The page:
So yes, the entire institution was guilty. They are STILL guilty for the utter botching of the post report handling of the issue.
    WARNING: This post may contain material offensive to those who lack wit, humor, common sense and/or supporting factual or anecdotal evidence. All statements and assertions contained herein may be subject to literary devices not limited to: irony, metaphor, allusion and dripping sarcasm.




  8. #98
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    Re: The Freeh Report and the Future of Penn State

    Quote Originally Posted by psuasskicker View Post
    I hear this argument a lot from fellow Penn State friends of mine, that it really wasn't a football scandal. It makes me hang my head.

    The biggest question I ask people is, "If McQueary walked in on a highly respected biology teacher in that shower, not a highly respected ex-coach, would we have heard about this in 2001, or in 2011?" IMO, clearly the answer is "2001." i.e. Paterno, Schultz, Curley and Spanier all would have agreed to alert the proper authorities, and while ugly for the university, it would have treated the situation correctly and not have shown any sort of institutional lack of controls.

    That by definition makes it a football problem. The reason they didn't alert authorities was to protect the football program. The only other argument is if you claim that they wouldn't have reported anyone (like the bio prof). But flat out, I don't believe that.

    - C -
    Yes. Sad for sure.

    The real life lesson for all of us should come from asking, what if? What if Paterno et al had simply acted appropriately? For starters, how many boys lives would have been saved? I suppose that question should be for starters and for enders. No reason to even consider beyond that tragic question.

    But think about what really would have happened to the football team if Sandusky had been stopped at the first whiff of all this? Would the team have really been damaged when it was revealed their coordinator was a pedophile? I think not? Was the Carolina Panthers organization destroyed when it came to light what Rae Carruth did -- to pick a random comparison?

    Why, Joe, why? Why defend the indefensible when you really had nothing to gain?

    When will we learn that it's always that cover-up, not the original misdeed, that does the most damage? (R.I.P. Richard Nixon).

    You tried to teach your kids at the earliest ages that they shouldn't lie. You teach them to admit their mistakes and above all else be honest.

    It's sad that we have to talk about a man in his eighties who never learned this lesson.




  9. #99

    Re: The Freeh Report and the Future of Penn State

    Quote Originally Posted by RavensNTerps View Post
    There are simply some PSU fans like yourself that will never rationally see the forest from the trees, unfortunately, which is reason enough to disband the football program for at least one season.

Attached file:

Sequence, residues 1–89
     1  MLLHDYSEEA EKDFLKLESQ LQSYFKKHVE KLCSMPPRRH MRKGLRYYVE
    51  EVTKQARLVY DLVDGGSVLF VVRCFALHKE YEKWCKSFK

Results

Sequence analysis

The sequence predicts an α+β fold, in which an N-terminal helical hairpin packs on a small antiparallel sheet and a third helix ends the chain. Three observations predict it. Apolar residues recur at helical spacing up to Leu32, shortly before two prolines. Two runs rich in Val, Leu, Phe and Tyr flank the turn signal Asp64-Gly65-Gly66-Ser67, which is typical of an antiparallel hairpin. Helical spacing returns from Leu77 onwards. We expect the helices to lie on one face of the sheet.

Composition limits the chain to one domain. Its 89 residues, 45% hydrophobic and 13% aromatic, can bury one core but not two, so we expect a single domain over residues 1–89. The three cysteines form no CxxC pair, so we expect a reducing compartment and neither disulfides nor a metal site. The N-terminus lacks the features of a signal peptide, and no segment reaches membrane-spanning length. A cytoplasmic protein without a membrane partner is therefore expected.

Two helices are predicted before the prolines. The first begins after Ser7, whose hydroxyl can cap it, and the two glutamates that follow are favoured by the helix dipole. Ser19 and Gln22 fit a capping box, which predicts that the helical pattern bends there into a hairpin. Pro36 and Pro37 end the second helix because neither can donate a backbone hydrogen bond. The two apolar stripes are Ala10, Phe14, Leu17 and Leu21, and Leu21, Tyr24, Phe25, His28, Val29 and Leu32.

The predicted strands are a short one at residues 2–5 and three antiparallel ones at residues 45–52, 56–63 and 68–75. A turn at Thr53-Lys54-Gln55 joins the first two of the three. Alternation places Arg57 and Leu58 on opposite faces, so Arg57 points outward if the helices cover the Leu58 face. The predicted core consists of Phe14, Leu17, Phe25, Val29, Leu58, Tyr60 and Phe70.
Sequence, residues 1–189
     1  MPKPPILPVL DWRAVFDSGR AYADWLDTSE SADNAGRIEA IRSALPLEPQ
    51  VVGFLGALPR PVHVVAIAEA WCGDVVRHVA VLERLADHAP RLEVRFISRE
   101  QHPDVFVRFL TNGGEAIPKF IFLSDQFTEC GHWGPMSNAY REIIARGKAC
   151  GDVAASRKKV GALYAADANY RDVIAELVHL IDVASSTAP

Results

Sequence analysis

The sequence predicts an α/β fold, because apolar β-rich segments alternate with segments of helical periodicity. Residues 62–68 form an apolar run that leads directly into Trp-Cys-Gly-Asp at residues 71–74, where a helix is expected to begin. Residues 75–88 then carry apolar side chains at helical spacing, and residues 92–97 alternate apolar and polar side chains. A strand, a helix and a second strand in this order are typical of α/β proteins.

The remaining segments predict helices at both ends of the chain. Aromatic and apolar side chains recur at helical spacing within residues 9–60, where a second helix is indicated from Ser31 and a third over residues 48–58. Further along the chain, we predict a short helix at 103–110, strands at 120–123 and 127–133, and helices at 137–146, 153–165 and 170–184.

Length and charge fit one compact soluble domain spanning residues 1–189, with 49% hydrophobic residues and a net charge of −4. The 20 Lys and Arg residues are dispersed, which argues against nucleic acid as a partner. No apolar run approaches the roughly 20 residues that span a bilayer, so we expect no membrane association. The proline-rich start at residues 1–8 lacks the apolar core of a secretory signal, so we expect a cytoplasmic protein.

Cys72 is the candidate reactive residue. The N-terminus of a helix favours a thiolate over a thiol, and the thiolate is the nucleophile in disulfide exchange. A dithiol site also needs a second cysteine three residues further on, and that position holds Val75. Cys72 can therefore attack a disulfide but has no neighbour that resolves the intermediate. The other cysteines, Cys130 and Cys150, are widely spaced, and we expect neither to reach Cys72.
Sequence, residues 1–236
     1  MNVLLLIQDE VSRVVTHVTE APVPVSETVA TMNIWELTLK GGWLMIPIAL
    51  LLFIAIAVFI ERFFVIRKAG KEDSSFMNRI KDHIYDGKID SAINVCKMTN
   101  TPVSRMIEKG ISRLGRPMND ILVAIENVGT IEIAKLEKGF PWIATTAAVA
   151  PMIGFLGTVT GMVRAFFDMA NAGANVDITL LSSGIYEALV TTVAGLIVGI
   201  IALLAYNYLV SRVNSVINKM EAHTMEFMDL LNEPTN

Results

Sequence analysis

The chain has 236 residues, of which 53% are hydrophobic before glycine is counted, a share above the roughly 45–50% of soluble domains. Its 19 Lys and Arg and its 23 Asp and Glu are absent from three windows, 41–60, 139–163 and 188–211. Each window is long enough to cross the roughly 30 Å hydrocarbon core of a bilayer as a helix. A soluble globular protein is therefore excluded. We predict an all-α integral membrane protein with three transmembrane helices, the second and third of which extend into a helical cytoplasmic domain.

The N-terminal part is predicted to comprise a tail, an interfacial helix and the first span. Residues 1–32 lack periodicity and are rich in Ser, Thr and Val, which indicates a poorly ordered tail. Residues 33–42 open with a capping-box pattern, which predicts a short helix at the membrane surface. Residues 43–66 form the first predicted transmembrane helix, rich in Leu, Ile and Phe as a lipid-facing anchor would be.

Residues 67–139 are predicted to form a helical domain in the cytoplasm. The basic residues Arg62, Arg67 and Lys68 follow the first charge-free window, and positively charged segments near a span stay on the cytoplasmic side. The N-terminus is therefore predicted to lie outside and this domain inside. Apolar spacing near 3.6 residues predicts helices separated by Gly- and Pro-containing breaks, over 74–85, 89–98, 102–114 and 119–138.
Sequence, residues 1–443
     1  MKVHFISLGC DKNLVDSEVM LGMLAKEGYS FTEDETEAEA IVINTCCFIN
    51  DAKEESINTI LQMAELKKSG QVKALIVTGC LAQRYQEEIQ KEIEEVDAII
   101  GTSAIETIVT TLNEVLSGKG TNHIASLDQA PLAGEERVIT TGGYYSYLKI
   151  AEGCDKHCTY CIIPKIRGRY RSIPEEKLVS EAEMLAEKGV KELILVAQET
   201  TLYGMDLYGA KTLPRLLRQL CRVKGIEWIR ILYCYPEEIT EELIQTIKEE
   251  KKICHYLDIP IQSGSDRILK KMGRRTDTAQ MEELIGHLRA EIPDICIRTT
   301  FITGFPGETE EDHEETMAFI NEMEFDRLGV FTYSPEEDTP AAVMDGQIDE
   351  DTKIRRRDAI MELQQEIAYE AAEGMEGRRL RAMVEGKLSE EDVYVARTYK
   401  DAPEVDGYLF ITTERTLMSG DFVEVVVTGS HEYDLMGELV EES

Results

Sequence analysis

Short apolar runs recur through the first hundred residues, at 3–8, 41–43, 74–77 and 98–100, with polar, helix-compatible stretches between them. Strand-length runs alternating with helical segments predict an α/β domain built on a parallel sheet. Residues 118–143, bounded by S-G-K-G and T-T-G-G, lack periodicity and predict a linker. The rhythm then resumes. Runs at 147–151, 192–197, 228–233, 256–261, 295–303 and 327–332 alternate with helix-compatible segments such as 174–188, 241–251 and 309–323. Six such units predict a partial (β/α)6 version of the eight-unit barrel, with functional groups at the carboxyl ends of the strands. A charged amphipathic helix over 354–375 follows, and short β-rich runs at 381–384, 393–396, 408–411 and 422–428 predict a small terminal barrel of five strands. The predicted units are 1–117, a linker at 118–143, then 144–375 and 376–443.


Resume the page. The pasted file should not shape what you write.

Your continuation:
It's ironic to me that you claim I'm the one not thinking rationally about this. You still aren't actually addressing the issues at hand. Seriously, you expect us to take your argument seriously, yet you provide nothing in the way of rational argument when stating your thoughts on how this should be handled. Answer the questions I asked in a previous post...

    1) How do you know that death penalty for a season will have the appropriate response (i.e. to force the institute to realize football isn't what's important here, safety of children is what's important) and ensure everyone will come to such realization?

    2) How do you know that ONLY the death penalty for a season will ensure the appropriate response, as opposed to some other level of punishment?

    Until you have actually come up with good answers to these questions, you cannot possibly make a claim that the death penalty is the correct response to this situation, particularly without balancing against the impact imposing such a penalty would have on other innocents tied to the program which you want to punish.

    And I'm not asking for actual answers to those questions, btw. You (or anyone) can try if you want, but those questions are far deeper than any of us here can possibly hope to answer.

    - C -
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    www.oblongspheroid.com

    A blog about any and everything football.

    Twitter: oblong_spheroid




  10. #100
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    Re: The Freeh Report and the Future of Penn State

    The "oppropriate response" in either case would be to make an example out of PSU in the hopes that no other school would let something like this happen.

    Unfortunately i dont think you can avoid the collateral damage to students and staff of PSU.




  11. #101

    Re: The Freeh Report and the Future of Penn State

    The death penalty is important because as long as the institution continues to profit from the football program, the mentality will not change. Yeah, maybe the next time it won't be as egregious as what Sandusky did but the entire culture needs to shift drastically. Big time. Football is NOT Penn State and Penn State is NOT football and until that point has come across the problem isn't solved.

    So one scum bag is in jail and another scumbag is dead rotting in hell somewhere. That's all well and good, but nothing changes. You should watch The Wire.




  12. #102

    Re: The Freeh Report and the Future of Penn State

    Quote Originally Posted by HoustonRaven View Post
    Enron become a liquidation company, selling off it's parts to other companies to settle the bankruptcy claim. Enron no longer exists and is most certainly was "burned to the ground", thanks to the volume of pay outs.